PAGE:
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Saturday, Apr 20, 2024
Mugglehead Magazine
Alternative investment news based in Vancouver, B.C.

Psychedelics

Ohio State University gets DEA approval for psilocybin cultivation and research

The research will be conducted with stringent regulations and guidelines

Ohio State University gets DEA approval for psilocybin cultivation and research
Photo via the U.S. Drug Enforcement Administration

Ohio State University and its research partner Inner State have received a license to cultivate and study psilocybin mushrooms.

Last week, Inner State announced that it had received the cultivation permit from the United States Drug Enforcement Administration (DEA), the first license of its kind the administration has given to an American university.

Inner State says obtaining it is a major milestone for the field of psychedelics research and that the studies will be conducted in adherence with strict guidelines set out by the DEA.

The company says that approximately 20 million American citizens suffer from depression, which psilocybin has shown great promise in treating. Inner State also believes the mushrooms have other healing properties in addition to those offered by psilocybin.

“We believe that there is more to discover in psilocybin mushrooms than just psilocybin. The whole mushroom is reported to have multi-dimensional healing properties that may help to cure mental health issues, relieve pain as well as improve the quality of palliative care for cancer,” said Inner State’s CEO Ashley Walsh.

Ohio State researchers Jason Slot and Kou-San Ju say that they will be able to gain a more comprehensive picture of the mushrooms chemical diversity through the use of genomics and metabolomics techniques, two fields of study within molecular biology.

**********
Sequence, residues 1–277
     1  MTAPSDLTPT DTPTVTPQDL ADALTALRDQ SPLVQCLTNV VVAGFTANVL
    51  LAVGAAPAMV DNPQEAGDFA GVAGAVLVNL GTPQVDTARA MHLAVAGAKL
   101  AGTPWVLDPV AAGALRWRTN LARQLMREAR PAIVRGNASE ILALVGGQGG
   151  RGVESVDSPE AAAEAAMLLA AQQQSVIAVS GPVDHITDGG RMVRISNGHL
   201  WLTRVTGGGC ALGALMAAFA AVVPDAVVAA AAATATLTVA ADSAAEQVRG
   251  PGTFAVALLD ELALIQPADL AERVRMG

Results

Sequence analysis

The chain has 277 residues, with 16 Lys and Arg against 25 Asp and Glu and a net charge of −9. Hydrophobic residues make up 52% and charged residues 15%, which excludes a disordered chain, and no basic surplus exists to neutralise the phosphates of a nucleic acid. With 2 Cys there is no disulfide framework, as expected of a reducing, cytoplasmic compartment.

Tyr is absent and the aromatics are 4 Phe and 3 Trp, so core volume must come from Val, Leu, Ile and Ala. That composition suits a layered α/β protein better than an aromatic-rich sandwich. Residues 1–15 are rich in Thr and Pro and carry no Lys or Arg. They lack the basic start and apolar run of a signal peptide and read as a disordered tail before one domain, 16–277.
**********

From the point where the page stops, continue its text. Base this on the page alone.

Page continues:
Inner State is a psychedelics research company headquartered in Columbus Ohio that focuses on developing novel molecules and compounds derived from psilocybin mushrooms.

Read more: Mind Medicine Australia to supply medical psilocybin and MDMA for clinical trials at no cost

Read more: Lucy Scientific partners with TheraPsil to facilitate patient access to psilocybin

Psilocybin’s classification as a Schedule I drug in the U.S. has long limited research on the fungi and the news comes as a growing body of research showing the compound’s therapeutic value continues to emerge globally.

In January, University of Colorado Denver professor Jim Grigsby and two other researchers received US$2.1 million in funding from the National Cancer Institute for a five-year study on treating late-stage cancer patients with psilocybin-assisted therapy.

In February, the University of California Davis established an Institute for Psychedelics and Neurotherapeutics to help develop treatments for an assortment of physical and mental health conditions.

In February 2021, the biotechnology company Psilera Bioscience announced that it had received DEA approval to research psilocybin, psilocin and DMT in partnership with the University of South Florida and its Chemical Purification and Screening facility. The studies are intended to help develop treatments for central nervous system disorders.

American states such as California, Oregon and Colorado have decriminalized psilocybin and other psychedelics for medical purposes.

 

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